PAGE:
Contrary to what many people say today, it is obvious that we live in a welfare society. Social Security takes money from current workers and pays it to current retirees every month. Medicare is financed by taxation and is used to supplement medical costs for the elderly. Medicaid does the same for the poor. Other forms of welfare include food stamps, public housing programs, unemployment benefits—the list goes on and on. All of these programs are a form of welfare.
So why do we have these programs? The justified rationale is that these programs are instituted to help people. While I politely disagree with that point, I will not address the economic and social concerns in what is supposed to be a wholly philosophical argumentation of the case at hand.
The question of whether or not welfare is a right is an interesting discussion that has only recently been considered. In the 1960s, the National Welfare Rights Organization (NWRO) as well as Richard Cloward and Frances Fox Piven developed the idea that people have a right to public assistance through welfare programs. Although the NWRO has since disbanded and Richard Cloward has passed on (Frances Fox Piven still lectures at CUNY Graduate Center), this idea of welfare rights has expanded beyond just basic public assistance. With the advent of ObamaCare and the expansion of Medicare under the Bush administration, the continuous cycle of welfare has led to economic uncertainty in the United States and a troubling addition to its already burdensome financial outlook. But I digress.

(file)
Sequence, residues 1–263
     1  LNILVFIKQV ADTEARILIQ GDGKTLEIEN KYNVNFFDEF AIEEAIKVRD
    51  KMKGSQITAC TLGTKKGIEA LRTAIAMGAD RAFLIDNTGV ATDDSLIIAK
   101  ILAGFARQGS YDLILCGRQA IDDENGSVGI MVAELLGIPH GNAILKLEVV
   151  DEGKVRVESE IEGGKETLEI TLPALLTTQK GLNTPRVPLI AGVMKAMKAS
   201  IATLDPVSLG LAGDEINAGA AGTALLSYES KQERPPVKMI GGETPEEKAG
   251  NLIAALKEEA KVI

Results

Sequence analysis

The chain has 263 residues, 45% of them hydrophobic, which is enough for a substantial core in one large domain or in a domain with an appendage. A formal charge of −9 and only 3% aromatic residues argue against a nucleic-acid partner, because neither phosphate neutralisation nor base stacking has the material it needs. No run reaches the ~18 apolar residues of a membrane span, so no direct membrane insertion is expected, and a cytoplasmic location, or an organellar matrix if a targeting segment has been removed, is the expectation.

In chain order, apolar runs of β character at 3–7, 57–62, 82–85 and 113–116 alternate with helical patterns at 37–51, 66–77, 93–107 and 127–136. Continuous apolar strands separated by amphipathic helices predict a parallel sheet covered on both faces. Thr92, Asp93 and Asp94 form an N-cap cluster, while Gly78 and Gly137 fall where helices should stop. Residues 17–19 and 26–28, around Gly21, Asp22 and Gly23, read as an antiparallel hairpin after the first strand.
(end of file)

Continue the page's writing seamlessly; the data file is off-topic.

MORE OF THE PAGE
So is welfare a right? It depends how one defines a right. A right can be either positive or negative. A positive right is a right where someone has the duty to provide for someone else. A negative right is a right to be free from interference from other parties. For example, I have a negative right to my property in the sense that it is mine and I have justly and legally acquired it, whether through a purchase, a reward, or a gift. However, I would also argue that I do not have a positive right to a cellular phone because then that would require me to force someone to buy me or make me a cellular phone. I have a negative right to pursue the purchasing of a cellular phone, but that is the limitation of my legitimate action.
Using these terms, it is obvious that welfare is a positive right. Having a right to welfare (or an entitlement to it) means that someone else must provide it for you. In the case of Social Security, the money that retirees receive is provided by the current labor market. Welfare is not an intangible idea like life or property; it is a good that must be provided. Therefore, welfare is a positive right, an entitlement.
But is welfare a negative right? Judging from the terms, it is hard to argue that welfare is a negative right (sometimes referred to as a liberty). Because welfare is a tangible thing, it must be provided by someone in order for someone else to receive it. This is not to say that welfare is a right, it is simply meant to argue that welfare is not a liberty. Furthermore, in order to provide a positive right for someone, someone else must be forced to provide it. In the case of welfare, individual taxpayers are required by law to fund welfare programs through taxes on the fruits of their labor. Doesn’t this violate their negative rights or their liberty? It is clear that in the case of the positive right to welfare, rights must be abridged for rights to be provided.
Therefore, this begs the question once more: is welfare a right? A better question is this: is welfare a liberty or an entitlement?